You may have heard the term “clean eating” before but didn’t pay much attention to it, either because it sounds ridiculous or simply because you couldn’t be bothered to find out what it means. However, clean eating is a potentially significant booster of quality of life when taken seriously. It gives you total control over the sort of food you put into your body, such that you hardly ever crave all the salts, bad sugars, and fats that your body does not need.
How does it work?
The first thing that you need to understand is that clean eating goes beyond just “dieting.” In fact, it is a lifestyle in its own right. It is an approach to taking more care with what you put into your body, and it involves avoiding processed foods, choosing whole foods and generally eating healthy.
When you decide to start eating clean, you have to completely banish foods containing unnecessary amounts of carbs, sugars, and fats from your diet. These foods fall under the category of “junk” because your body will do better without them. Processed foods, artificial sugars and flavors, foods containing a significant amount of salt and/or highly saturated with fat and other refined foods that provide no nutritional value to your body should be cut out of your diet.
Consequently, you should embrace foods such as unrefined grains, vegetables, whole foods, healthy fats and lean proteins (possibly from organic meat delivery). Your focus when you’re choosing a meal should be on the quality of the meal and the benefits that it can bring to your body. Try this for a while, and you will notice a general improvement in the quality of your health and life.
Clean eating should not necessarily be associated with calorie restriction. To be clear about what clean eating involves, here are some guidelines:
- Cook your own meals
This is the best way to have full knowledge of what the content of your meals is. You can control the amount of seasoning, flavors, sugars, fats or salts that go in your food and you can keep them as low as possible.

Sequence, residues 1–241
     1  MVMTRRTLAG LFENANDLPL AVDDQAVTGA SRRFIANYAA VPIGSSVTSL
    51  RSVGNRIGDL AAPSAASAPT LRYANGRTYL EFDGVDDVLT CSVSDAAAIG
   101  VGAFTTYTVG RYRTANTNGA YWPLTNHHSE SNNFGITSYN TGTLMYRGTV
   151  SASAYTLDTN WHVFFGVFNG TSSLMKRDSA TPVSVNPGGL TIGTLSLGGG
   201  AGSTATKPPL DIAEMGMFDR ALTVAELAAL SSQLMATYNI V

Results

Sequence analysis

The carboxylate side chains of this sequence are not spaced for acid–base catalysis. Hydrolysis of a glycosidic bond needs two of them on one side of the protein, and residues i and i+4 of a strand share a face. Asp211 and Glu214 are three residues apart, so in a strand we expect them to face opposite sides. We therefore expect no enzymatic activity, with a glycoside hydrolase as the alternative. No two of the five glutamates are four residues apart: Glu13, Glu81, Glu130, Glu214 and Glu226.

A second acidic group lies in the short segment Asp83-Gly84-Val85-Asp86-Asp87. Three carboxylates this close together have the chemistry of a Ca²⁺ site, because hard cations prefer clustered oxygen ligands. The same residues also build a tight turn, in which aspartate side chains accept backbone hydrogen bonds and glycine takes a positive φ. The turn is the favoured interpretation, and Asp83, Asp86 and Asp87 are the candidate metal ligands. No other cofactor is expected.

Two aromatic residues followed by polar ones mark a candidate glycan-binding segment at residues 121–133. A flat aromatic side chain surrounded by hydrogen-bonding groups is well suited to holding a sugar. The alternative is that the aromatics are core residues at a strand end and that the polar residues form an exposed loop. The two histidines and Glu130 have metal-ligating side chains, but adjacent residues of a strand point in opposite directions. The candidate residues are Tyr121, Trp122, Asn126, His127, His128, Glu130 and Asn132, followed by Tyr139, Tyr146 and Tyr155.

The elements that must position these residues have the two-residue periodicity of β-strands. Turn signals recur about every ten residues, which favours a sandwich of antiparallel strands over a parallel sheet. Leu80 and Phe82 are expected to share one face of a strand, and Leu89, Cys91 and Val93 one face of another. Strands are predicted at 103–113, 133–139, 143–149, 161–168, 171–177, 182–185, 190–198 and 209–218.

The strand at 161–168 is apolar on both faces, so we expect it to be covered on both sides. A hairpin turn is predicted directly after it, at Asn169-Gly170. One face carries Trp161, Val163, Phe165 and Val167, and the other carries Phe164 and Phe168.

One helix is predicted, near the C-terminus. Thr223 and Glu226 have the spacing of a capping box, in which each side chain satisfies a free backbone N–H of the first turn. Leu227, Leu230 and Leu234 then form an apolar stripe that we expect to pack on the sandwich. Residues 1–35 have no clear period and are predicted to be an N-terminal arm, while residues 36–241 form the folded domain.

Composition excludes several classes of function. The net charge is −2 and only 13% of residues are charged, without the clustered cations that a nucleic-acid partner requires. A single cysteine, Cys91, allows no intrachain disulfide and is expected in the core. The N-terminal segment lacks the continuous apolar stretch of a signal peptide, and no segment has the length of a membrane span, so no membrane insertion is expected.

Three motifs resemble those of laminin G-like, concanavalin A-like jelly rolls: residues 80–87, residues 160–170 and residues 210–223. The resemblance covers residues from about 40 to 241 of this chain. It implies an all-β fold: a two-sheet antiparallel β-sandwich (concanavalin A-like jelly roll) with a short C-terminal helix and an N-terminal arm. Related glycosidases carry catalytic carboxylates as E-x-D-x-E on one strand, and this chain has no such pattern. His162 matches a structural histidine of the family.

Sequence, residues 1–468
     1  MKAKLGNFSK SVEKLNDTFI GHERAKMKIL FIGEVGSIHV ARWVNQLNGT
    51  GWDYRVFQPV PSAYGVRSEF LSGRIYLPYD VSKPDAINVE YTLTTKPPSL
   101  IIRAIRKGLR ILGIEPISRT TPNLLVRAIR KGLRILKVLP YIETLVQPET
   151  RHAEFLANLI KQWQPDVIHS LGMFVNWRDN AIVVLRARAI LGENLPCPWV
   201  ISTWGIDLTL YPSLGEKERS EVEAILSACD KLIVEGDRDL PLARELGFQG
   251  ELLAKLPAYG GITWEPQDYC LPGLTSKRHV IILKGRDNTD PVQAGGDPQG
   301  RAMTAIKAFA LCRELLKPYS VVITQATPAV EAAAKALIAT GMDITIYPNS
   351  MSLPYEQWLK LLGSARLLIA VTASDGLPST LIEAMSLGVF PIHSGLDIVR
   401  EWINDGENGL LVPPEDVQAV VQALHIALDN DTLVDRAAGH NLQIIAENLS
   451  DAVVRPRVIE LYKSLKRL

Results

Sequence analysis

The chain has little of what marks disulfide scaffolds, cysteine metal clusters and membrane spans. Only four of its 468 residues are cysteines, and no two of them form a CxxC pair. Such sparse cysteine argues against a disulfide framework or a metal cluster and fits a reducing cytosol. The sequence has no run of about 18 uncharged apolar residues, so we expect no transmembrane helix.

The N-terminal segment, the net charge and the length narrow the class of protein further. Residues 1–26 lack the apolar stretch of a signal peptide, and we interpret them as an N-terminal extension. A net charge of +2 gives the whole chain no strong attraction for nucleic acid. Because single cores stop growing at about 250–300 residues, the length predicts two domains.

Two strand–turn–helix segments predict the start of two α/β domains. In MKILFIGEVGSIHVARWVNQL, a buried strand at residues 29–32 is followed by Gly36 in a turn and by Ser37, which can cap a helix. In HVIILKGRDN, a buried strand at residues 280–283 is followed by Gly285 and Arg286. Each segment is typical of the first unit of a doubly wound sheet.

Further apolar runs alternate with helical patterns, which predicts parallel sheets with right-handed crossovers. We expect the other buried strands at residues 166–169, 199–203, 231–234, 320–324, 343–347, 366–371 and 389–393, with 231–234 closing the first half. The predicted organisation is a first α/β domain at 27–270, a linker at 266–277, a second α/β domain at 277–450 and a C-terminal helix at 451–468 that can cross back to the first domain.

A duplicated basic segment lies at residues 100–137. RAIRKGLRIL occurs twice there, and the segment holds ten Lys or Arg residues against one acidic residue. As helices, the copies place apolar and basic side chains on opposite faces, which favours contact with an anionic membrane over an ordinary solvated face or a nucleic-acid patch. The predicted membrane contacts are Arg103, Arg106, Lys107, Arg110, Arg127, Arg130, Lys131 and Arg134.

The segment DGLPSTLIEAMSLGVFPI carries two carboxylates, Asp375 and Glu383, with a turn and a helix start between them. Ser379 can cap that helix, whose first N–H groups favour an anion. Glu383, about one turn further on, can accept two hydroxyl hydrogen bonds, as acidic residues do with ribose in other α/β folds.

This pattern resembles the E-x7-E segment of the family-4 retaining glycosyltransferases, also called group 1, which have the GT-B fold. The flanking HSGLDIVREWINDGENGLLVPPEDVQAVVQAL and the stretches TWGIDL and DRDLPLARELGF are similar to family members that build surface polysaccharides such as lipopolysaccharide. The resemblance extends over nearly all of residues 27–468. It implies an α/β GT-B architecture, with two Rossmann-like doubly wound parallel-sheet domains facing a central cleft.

- Pay attention to nutritional labels
You need to get familiar with the nutritional labels that are on the ingredients you use for cooking. Avoid ingredients that have words like “modified” or “hydrolyzed” – they are usually associated with foods that have gone through extra processing. Words that end with “-ose” are associated with added sugars. You should look for foods that have “whole wheat” “whole grains” as a part of their ingredients.
- Eat balanced diets
This is basic nutritional health knowledge, so it goes without saying really. Make sure that your meals are well-balanced with the amount of carbs, proteins, and fats that you are consuming. Meat is an excellent source of protein, and you can get a regular healthy dose through any organic meat delivery system around you. Also, note that your fats should come from unsaturated fats as often as you can manage to keep it so.
Other tips to follow are:
- Restrict unnecessary additives in the form of fat, salts, and sugar
- Avoid processed foods
- Eat whole foods
- Eat 5-6 times daily
- Don’t drink your calories (avoid sodas especially, as much as you can).
If you’ve just decided to start eating clean, don’t rush it. Take baby steps as you slowly adjust to the new conditions that you’re setting for your body. All the best!